HOLLYWOOD — The clothes! The shoes! The magical depiction of Manhattan and the promise of finally finding true romance!
It’s like porn for women. And we haven’t even gotten to the sex part of the “Sex and the City” movie yet.
Fans will be thrilled to see their old friends — Carrie, Miranda, Charlotte and Samantha — back together and on the big screen, which makes it easier to ogle what they’re wearing, of course. Everyone else? Well, they never watched the HBO series and if they did, they didn’t get it. Or they’re heterosexual men.
But writer/director Michael Patrick King and producer/star Sarah Jessica Parker certainly know their audience: the devotees who’ve already reserved group tickets for opening weekend, which they’ll celebrate in high style, complete with the requisite Cosmopolitan consumption and needless shopping sprees.
In that regard, this hotly awaited follow-up to the hit TV show, which ended in 2004, is a success. This is one of those movies you have assess in terms of whom it’s aiming to please, not unlike the 3-D Hannah Montana concert film: The audience has very specific tastes and needs.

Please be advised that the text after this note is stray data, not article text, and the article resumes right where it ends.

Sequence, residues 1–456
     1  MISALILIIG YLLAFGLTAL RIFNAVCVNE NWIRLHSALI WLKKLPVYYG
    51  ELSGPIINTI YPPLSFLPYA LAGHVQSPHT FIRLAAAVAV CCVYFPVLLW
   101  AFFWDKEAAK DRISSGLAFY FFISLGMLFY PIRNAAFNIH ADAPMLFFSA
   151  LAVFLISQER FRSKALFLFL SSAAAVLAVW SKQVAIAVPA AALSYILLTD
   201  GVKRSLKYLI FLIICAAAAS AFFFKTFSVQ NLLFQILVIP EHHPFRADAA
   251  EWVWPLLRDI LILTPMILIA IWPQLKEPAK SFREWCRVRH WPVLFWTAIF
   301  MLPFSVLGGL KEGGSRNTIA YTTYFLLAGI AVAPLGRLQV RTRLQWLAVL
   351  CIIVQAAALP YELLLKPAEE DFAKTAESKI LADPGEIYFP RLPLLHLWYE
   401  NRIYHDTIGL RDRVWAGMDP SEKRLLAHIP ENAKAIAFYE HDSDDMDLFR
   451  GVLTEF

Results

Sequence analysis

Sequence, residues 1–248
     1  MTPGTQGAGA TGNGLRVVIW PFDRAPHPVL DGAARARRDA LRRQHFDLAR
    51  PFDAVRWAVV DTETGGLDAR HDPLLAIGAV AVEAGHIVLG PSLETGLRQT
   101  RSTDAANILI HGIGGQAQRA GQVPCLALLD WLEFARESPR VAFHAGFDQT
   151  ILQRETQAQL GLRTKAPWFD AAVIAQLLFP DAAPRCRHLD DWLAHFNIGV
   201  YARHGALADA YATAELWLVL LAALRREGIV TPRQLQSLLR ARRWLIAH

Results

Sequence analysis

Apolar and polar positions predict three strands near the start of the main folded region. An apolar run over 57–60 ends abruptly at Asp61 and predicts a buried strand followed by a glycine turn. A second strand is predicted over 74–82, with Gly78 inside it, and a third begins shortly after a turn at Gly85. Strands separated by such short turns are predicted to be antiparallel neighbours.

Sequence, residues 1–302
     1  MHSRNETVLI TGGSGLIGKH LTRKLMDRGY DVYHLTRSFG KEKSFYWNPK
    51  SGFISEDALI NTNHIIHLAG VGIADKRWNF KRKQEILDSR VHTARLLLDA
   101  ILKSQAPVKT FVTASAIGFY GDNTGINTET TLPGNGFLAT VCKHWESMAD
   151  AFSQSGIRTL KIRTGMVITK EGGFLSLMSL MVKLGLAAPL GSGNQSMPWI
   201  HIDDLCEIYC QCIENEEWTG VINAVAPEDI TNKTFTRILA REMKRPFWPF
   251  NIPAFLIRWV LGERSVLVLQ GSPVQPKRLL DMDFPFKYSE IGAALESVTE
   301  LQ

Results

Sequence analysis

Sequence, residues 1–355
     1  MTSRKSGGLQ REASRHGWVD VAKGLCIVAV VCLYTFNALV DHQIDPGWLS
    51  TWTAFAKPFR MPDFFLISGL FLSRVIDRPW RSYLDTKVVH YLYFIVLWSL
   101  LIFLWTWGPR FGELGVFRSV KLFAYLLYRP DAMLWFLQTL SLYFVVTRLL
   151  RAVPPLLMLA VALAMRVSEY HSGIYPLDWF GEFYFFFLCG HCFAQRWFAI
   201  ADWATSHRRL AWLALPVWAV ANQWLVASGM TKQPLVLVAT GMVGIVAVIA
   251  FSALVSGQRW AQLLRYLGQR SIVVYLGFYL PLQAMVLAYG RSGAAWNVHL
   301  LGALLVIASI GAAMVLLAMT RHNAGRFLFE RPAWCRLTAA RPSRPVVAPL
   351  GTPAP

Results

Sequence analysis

Surprisingly, despite its obsession with all things Manolo Blahnik, “Sex and the City” also has its share of tearjerker moments. Parker has become such a fashion icon over the past decade that you forget she really can act, and is capable of visceral, heart-tugging vulnerability. And not to say too much, but she does get plenty of opportunities to display that side of her talent — especially with a running time that’s well past two hours.
It’s all really soapy, though, with only some smidgens of substance. Co-star Cynthia Nixon’s story line is meaty, but more often than not our heroines are defined solely by the partners in their beds and the clothes on their backs, as if to suggest that the right wardrobe and a big enough closet to put it all in are the keys to ultimate happiness. The movie (and the series that inspired it) perpetuate stereotypes of female superficiality, but then again, these women do stick by each other no matter what, which makes it somewhat easier to stick around for the conclusion.